Adlai Stevenson once said, "Patriotism is not short, frenzied outbursts of emotion, but the tranquil and steady dedication of a lifetime." As a nation, we have become lost because the frenzied outburst of emotion which arose from the dust and death of September 11 was transformed, with deliberation and intent, into a shield which protects Bush and his people from any consequences arising from their actions. We have become lost because, in that frenzy and fear, millions of Americans were coaxed into believing that Bush alone could protect us, could save us, and any words against him or the actions of his administration were tantamount to treason.
Apply a different context and imagine an America today had September 11 not happened.
Would we tolerate a President who drove us to war on the basis of lies and exaggeration? Would we tolerate a President who used fear against his own people to get what he wanted? Would we tolerate a President whose people destroyed deep-cover CIA agents as a means of exacting political revenge? Would we tolerate a President who gave away billions of our tax dollars to his closest corporate friends, under the cover of the aforementioned lies and exaggerations? Would we tolerate a President who made the torture of fellow human beings an accepted policy, whose advisors and attorneys concocted twisted arguments to defend such torture, who came to the conclusion that the President is absolutely, totally and without exception above the law?
Put another way, would we have tolerated any of this had it happened during the Clinton administration? Certainly not. Had Clinton done even one of these things, he would have been impeached and removed from office, deservedly so, and none of us would have been required to hear about stained dresses and thong underwear.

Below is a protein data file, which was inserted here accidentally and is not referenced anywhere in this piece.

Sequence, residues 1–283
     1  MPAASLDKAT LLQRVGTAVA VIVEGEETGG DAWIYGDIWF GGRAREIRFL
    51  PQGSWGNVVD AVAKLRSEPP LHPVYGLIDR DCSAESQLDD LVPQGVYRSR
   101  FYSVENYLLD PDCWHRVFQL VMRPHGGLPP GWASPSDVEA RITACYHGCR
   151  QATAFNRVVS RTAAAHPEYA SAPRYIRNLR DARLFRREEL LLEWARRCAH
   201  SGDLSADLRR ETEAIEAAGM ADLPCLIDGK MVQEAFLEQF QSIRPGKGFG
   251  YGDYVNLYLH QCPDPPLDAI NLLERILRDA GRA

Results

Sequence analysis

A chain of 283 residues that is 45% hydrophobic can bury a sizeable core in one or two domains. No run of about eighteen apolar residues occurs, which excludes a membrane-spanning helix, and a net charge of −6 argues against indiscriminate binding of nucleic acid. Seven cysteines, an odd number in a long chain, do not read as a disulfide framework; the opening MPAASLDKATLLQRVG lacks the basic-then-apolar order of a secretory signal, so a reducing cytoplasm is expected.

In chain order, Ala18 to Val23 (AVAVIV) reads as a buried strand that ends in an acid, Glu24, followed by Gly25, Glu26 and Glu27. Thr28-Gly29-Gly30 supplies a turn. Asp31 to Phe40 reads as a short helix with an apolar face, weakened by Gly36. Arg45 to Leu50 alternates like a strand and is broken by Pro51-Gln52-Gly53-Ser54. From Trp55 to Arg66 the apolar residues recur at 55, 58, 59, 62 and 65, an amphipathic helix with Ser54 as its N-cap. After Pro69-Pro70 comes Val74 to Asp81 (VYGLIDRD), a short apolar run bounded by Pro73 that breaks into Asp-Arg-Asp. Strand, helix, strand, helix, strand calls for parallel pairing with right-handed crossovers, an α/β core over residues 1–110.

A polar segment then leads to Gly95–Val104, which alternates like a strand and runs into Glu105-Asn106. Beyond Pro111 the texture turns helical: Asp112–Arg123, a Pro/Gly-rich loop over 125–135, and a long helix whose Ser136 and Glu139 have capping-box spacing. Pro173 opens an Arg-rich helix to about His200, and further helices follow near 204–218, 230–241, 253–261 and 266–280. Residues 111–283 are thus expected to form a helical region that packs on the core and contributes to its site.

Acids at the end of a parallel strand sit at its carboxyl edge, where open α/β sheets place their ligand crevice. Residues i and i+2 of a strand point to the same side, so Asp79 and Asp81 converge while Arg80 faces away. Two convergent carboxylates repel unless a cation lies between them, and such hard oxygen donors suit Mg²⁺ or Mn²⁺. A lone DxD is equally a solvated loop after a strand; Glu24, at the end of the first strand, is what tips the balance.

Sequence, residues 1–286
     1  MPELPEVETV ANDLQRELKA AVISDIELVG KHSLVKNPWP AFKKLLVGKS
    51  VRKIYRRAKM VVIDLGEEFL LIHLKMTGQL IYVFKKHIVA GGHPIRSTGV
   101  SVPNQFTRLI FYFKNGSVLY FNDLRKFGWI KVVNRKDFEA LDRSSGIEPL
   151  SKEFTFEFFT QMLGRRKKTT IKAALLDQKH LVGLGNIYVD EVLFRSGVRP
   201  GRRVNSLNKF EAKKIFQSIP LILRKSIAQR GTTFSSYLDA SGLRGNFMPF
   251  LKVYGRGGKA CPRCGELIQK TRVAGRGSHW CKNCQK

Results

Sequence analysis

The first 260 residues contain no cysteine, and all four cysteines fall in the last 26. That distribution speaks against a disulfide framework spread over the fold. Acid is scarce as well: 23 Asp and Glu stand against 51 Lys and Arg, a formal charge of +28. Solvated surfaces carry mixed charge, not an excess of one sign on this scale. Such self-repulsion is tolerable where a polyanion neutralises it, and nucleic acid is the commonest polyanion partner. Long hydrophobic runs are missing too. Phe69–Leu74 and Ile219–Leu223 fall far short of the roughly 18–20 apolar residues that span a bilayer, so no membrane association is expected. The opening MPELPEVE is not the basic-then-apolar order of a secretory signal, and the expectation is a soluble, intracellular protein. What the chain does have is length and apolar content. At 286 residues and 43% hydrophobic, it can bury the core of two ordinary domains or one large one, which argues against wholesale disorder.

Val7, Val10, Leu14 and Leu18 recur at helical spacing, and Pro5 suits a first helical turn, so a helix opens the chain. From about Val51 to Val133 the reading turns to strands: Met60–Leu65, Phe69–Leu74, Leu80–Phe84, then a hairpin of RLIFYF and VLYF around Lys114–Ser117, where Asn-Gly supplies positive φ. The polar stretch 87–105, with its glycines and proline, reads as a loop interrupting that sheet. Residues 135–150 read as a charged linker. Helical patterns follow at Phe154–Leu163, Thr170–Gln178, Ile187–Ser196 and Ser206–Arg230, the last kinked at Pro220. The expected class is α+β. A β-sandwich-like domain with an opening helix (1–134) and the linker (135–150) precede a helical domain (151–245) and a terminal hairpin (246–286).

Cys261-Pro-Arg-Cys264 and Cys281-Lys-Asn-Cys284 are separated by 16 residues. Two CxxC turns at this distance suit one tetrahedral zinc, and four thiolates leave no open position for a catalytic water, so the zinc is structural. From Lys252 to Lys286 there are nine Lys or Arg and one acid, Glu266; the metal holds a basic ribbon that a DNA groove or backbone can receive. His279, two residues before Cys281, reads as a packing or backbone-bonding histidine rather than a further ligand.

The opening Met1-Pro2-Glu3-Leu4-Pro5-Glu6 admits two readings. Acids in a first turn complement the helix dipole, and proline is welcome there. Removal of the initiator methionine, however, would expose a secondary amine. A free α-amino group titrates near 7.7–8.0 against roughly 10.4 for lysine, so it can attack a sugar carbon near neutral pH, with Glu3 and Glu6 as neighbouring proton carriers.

That was then, and this is now.
The time has come, bluntly, to get over September 11, to move beyond it, to extract ourselves from this bunker mentality which blinds us while placing us in mortal peril. It happened, and it will never be forgotten, but we have reached a place where fear and obeisance can no longer be tolerated.
Everyone has a story, but those stories have not finished in the telling. What final chapter would you write for your story? Will the final chapter of your story be one of fear, one where you staggered along behind grandiose incompetence because you were too afraid to do anything else? Or will that final chapter of your story be one of triumph, of truth, of a day when you chose not to be manipulated any more? Will your final chapter tell how your patriotism became debased to the point where hate, anger and total obedience to a corrupted authority were the hallmarks of your love of country? Or will your patriotism become that steady dedication of a lifetime upon which the fate of this nation depends?
Write your own ending, but make it a beginning.
William Rivers Pitt is the senior editor and lead writer for truthout. He is a New York Times and international bestselling author of two books - 'War on Iraq: What Team Bush Doesn't Want You to Know' and 'The Greatest Sedition is Silence.'